MINNEAPOLIS, April 24, 2013 /PRNewswire-USNewswire/ -- The Society of Corporate Compliance and Ethics (SCCE) today applauds the government's recognition of effective corporate compliance programs, as the U.S. Securities and Exchange Commission and the Department of Justice (DOJ) released details of recent non-prosecution agreements (NPAs) with Ralph Lauren relating to the settlement of Foreign Corrupt Practices Act (FCPA) violations by its Argentinian subsidiary. The SEC has specifically noted that the misconduct was discovered "as a result of the company adopting measures to improve its worldwide internal controls and compliance efforts, including implementation of an FCPA compliance training program in Argentina."
According to the SEC's press release, "This NPA shows the benefit of implementing an effective compliance program. Ralph Lauren Corporation discovered this problem after it put in place an enhanced compliance program and began training its employees. That level of self-policing along with its self-reporting and cooperation led to this resolution."
In a parallel case, the DOJ cited the positive steps the company has already taken in its compliance program: "… RLC has engaged in early and extensive remediation, including conducting extensive FCPA training for employees worldwide; enhancing the company's existing FCPA policy; implementing an enhanced gift policy and other enhanced compliance, control, and anti-corruption policies and procedures; enhancing its due diligence protocol for third-party agents; terminating culpable employees and a third-party agent; instituting a whistleblower hotline; and hiring a designated corporate compliance attorney."
SCCE Chief Executive Officer Roy Snell praised the actions of the SEC and the DOJ - both the Criminal Division in Washington and of the US Attorney's Office in the Eastern District of New York: "As with the recent Morgan Stanley case, the government has made it clear that companies who take compliance seriously and are committed to finding, fixing, and solving legal and regulatory problems are in a far better position than those who do not invest in real, robust, and effective compliance programs. I can think of no better proof of the value of strong compliance and ethics programs than the DOJ's and SEC's recent actions."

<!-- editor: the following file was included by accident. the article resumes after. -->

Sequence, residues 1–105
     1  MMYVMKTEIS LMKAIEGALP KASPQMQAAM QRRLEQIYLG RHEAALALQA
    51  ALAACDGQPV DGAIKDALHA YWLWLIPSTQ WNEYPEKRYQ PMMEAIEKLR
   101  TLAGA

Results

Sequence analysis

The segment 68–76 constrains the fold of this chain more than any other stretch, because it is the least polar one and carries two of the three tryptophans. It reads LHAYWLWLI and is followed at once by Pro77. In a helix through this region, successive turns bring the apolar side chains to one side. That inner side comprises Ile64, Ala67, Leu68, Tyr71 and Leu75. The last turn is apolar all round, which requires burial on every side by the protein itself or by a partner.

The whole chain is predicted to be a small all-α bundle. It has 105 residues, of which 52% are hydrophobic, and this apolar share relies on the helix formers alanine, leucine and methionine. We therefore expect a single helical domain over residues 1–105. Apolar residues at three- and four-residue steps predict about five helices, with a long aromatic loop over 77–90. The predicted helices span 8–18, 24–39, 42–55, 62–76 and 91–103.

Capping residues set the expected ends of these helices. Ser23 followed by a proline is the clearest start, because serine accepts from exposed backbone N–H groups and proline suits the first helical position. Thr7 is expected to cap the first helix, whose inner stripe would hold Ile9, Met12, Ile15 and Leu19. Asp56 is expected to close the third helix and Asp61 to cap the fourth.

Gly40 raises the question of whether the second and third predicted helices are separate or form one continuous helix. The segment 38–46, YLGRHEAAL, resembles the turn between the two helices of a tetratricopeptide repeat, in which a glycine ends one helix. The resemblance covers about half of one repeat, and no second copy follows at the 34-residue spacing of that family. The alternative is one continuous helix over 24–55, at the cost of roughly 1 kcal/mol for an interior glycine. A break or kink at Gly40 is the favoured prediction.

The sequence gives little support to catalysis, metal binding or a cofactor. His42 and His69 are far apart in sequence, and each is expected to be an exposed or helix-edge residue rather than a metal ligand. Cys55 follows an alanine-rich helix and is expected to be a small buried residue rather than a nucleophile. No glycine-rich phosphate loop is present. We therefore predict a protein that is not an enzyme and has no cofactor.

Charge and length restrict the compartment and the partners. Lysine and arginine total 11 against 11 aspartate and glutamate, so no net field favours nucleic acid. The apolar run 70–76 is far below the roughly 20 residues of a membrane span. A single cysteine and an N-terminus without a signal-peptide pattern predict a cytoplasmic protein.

SCCE Advisory Board member and Principal, Compliance Strategists, Donna Boehme said, "When the government visibly acknowledges and credits internal compliance efforts, Boards and management take note of their tangible value and are reminded of the need to support empowered, independent compliance officers and functions."
"The Ralph Lauren case also shows that it is never too late to invest in compliance," said Snell. "A reinvigorated program can both help protect your company going forward and pay dividends when discovering past wrongdoing."
Click here for the SEC press release: http://www.sec.gov/news/press/2013/2013-65.htm
Click here for the DOJ Press release: http://www.justice.gov/opa/pr/2013/April/13-crm-456.html
About the SCCE
The Society of Corporate Compliance & Ethics (SCCE), headquartered in Minneapolis, MN, is a non-profit professional member association that serves compliance and ethics professionals globally. The association provides resources and training to compliance professionals and champions ethical practices and compliance standards.
Visit the SCCE website at www.corporatecompliance.org.
SOURCE The Society of Corporate Compliance & Ethics